Helena Cobban (01:15:13):
One important point. Thank you so much. And Ray McGovern, two sentences, not more.
Ray McGovern (01:15:23):
The only thing that hasn't been mentioned is nuclear. We learned recently, I learned recently, that the Russian early warning system is deficient and that Putin would have only eight minutes to decide whether he's under nuclear attack. Those are the realities. That is a situation that has to be fixed. I think we can figure out ways to fix it. But I'm already over my two sentences. I would suggest that Richard and you, Helena, to be the intermediaries to be the moderators of the Ukraine, China, Russia. You should insert yourself now before it's late. Thank you for inviting me.
Helena Cobban (01:16:18):
No, it's been great to have both of you. And I would just note that Monday of next week we're going to have two experts on nuclear deterrence and the fragile psychology of nuclear deterrence, Cynthia Lazaroff and David Barash. We should probably have had people talk about the nuclear dimension of this at the beginning of the series because we've now had 30 years of Americans growing up without really having to understand nuclear deterrence and mutual deterrence, which is what we're now seeing nuclear has to be in the discussion. So thanks for that reminder, Ray. We have such a lot more to talk about. People attending this webinar can find details of the whole of the upcoming schedule while we have two more sessions, one on Wednesday and one next Monday. Go to our website, www.justworldeducational.org, and learn about the upcoming guests. When you go to the website, please don't forget the Donate button. This whole Just World Educational is run on grassroots support. Right now we're kind of going ahead on fumes. So as I said earlier, we need more fumes here. Please donate. As you exit the webinar, you'll find an exit poll. It would be great if you could fill it out because it really helps us plan our programming.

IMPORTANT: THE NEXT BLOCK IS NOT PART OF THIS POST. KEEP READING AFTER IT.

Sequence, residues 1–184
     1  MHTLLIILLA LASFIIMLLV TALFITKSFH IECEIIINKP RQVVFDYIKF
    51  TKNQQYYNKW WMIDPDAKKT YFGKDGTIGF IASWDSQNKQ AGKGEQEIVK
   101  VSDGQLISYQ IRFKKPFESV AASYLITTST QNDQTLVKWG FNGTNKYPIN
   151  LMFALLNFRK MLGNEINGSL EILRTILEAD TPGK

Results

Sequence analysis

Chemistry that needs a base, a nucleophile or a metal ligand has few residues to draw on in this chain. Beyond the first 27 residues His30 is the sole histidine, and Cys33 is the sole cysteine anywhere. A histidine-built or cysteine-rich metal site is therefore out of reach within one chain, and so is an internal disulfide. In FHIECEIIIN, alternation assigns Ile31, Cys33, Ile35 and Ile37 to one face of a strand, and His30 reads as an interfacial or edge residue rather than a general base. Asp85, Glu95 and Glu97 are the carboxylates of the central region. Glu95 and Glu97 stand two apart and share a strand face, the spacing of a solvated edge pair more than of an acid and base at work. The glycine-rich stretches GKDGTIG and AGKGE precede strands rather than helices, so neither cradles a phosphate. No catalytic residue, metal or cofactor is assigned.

And the next webinar in this series on Monday, sorry. Wednesday, March 23 at 02:30 p.m. Eastern, will feature Phyllis Bennis of the Institute of Policy Studies. And with us from Sri Lanka, the writer and analyst Indi Samarajiva, who will give us once again a view from the global south on this conflict. So thank you very much, Ray McGovern, Anatol Lieven. And Richard, I'll see you on Wednesday!
Richard Falk (01:18:24):
Look forward to it.
Anatol Lieven (01:18:26):
Thank you so much. It was extremely interesting.
Ray McGovern (01:18:29):
Thanks very much. Bye.
Speakers for the Session
Prof. Richard Falk